DCP Midstream LP (DCP), Hess Midstream Partners LP (HESM) and Noble Midstream Partners LP (NBLX) became the latest MLPs to announce the elimination of Incentive Distribution Rights (IDRs) in the fourth quarter. As the era of simplification comes to a close, the results have advanced the midstream sector, in our view, and accomplished widespread cost of capital and corporate governance improvements. There has been an industry-wide shift to higher distribution coverage and self-funding the equity portion of capital expenditure programs. With the expected moderation in U.S. production growth, midstream companies are now shifting focus toward executing on delivering value through the return of capital to shareholders in the form of debt reduction, sustainable yields and distribution growth, and potential stock buybacks. A particular emphasis on the generation of free cash flow yields comparable to other S&P 500 sectors continues to emerge, achieved through the sale of non-core assets and the reduction of growth capital expenditures.

Interest in publicly-traded midstream companies and assets, from both public and private entities, has remained elevated, highlighting their strategic value and attractive valuations. Recently announced/closed transactions include Energy Transfer’s (ET) acquisition of SemGroup Corp (SEMG), DTE Energy’s (DTE) acquisition of a natural gas gathering system in the Haynesville Shale and Pembina Pipeline Corp’s (PPL CN) acquisition of Kinder Morgan Canada and the Cochin pipeline.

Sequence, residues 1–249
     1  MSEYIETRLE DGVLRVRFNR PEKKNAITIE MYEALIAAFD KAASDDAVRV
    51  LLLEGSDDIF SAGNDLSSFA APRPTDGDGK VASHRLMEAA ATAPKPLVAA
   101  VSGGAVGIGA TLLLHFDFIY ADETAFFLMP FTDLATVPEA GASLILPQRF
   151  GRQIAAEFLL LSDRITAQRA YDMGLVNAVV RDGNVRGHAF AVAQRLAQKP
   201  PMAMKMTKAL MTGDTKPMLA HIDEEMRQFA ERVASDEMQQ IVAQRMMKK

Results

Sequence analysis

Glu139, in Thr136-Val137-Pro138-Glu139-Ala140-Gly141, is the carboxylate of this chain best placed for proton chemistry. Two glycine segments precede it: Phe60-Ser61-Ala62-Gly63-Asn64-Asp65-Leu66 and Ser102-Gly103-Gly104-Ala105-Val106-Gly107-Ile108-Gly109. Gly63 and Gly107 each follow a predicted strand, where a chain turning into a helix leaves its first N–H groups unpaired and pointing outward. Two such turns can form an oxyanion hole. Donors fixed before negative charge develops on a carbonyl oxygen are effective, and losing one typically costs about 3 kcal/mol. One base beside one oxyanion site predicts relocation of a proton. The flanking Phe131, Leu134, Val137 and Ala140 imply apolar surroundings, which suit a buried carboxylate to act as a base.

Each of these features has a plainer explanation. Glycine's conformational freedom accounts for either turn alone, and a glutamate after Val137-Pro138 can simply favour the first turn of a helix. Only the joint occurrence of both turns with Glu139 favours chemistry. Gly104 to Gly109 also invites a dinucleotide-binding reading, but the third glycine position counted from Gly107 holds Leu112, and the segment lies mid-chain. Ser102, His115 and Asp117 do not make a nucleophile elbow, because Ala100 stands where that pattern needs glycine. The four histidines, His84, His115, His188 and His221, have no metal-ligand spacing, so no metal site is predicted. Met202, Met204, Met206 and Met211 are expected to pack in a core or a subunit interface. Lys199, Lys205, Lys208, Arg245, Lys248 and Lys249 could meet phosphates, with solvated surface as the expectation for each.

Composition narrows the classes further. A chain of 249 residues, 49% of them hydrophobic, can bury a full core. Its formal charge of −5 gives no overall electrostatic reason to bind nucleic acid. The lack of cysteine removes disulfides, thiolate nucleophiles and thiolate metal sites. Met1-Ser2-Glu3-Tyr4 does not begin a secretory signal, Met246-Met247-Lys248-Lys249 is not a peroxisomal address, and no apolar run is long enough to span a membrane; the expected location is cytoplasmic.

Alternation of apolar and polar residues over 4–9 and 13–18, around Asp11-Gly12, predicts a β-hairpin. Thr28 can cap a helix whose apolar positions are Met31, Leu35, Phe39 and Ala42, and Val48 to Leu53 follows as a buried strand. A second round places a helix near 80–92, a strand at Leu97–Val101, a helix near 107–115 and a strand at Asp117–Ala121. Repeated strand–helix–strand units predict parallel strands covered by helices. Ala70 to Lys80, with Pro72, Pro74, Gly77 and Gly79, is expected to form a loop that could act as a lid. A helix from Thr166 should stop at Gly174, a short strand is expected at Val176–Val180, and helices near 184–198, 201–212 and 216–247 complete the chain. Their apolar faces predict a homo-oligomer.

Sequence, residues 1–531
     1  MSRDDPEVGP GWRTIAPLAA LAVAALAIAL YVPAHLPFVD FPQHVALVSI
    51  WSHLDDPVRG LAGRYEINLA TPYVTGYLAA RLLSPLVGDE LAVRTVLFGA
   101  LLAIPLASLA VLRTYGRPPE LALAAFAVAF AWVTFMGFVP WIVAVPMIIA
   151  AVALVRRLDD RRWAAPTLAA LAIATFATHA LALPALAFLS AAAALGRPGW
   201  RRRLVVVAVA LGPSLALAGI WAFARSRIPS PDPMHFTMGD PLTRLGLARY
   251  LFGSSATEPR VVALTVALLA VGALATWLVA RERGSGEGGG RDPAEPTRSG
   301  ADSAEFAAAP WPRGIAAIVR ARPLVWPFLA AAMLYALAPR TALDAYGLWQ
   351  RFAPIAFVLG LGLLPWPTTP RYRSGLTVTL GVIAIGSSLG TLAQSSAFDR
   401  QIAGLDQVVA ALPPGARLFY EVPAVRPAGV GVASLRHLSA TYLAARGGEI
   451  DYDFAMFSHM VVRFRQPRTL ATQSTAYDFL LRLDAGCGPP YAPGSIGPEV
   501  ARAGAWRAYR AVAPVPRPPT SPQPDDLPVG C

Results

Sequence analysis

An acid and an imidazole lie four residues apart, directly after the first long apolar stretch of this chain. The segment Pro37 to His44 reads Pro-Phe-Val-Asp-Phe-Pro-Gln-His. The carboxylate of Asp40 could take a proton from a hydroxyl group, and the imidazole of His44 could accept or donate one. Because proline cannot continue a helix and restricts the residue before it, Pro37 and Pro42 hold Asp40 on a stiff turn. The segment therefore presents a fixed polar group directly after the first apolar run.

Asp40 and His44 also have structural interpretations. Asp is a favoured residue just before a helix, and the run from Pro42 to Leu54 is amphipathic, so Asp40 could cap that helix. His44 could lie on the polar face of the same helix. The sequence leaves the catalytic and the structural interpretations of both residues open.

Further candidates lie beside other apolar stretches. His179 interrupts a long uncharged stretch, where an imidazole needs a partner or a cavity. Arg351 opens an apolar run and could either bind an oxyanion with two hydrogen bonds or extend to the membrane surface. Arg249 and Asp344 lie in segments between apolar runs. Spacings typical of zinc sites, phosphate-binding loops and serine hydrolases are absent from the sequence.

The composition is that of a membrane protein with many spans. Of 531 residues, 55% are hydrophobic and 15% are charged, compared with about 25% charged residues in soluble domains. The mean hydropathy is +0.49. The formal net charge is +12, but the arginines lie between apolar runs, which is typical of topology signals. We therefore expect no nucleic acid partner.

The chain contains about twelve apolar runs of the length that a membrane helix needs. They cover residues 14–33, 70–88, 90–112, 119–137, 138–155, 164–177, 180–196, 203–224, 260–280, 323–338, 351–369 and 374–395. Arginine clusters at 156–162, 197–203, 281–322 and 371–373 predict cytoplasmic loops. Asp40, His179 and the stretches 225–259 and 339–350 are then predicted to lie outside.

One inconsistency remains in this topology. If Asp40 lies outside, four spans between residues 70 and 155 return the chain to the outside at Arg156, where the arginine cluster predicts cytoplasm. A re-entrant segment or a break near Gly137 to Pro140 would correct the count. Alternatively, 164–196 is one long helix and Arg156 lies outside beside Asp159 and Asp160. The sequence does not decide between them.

Capital Markets

Capital markets activity slowed during the fourth quarter with MLPs and other pipeline companies raising approximately $4.5 billion in total capital, with nearly all of the issuance in debt. This brings the total capital raised for the full year 2019 to approximately $34.7 billion, significantly lower than the previous year. As expected, alternative options for capital and self-funding projects continued to trend higher.